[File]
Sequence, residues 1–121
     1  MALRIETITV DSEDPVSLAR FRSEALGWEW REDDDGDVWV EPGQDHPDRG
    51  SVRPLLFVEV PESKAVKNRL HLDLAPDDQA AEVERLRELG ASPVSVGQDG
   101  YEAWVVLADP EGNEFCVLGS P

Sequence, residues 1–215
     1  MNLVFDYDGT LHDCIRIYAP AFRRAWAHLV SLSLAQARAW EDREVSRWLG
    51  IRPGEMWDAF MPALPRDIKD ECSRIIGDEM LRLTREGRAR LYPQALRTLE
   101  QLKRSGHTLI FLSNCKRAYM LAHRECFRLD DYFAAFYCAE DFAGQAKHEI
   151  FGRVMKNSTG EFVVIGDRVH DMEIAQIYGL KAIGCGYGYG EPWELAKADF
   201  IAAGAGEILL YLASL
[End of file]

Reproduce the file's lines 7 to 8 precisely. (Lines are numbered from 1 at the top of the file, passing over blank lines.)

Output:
    51  IRPGEMWDAF MPALPRDIKD ECSRIIGDEM LRLTREGRAR LYPQALRTLE
   101  QLKRSGHTLI FLSNCKRAYM LAHRECFRLD DYFAAFYCAE DFAGQAKHEI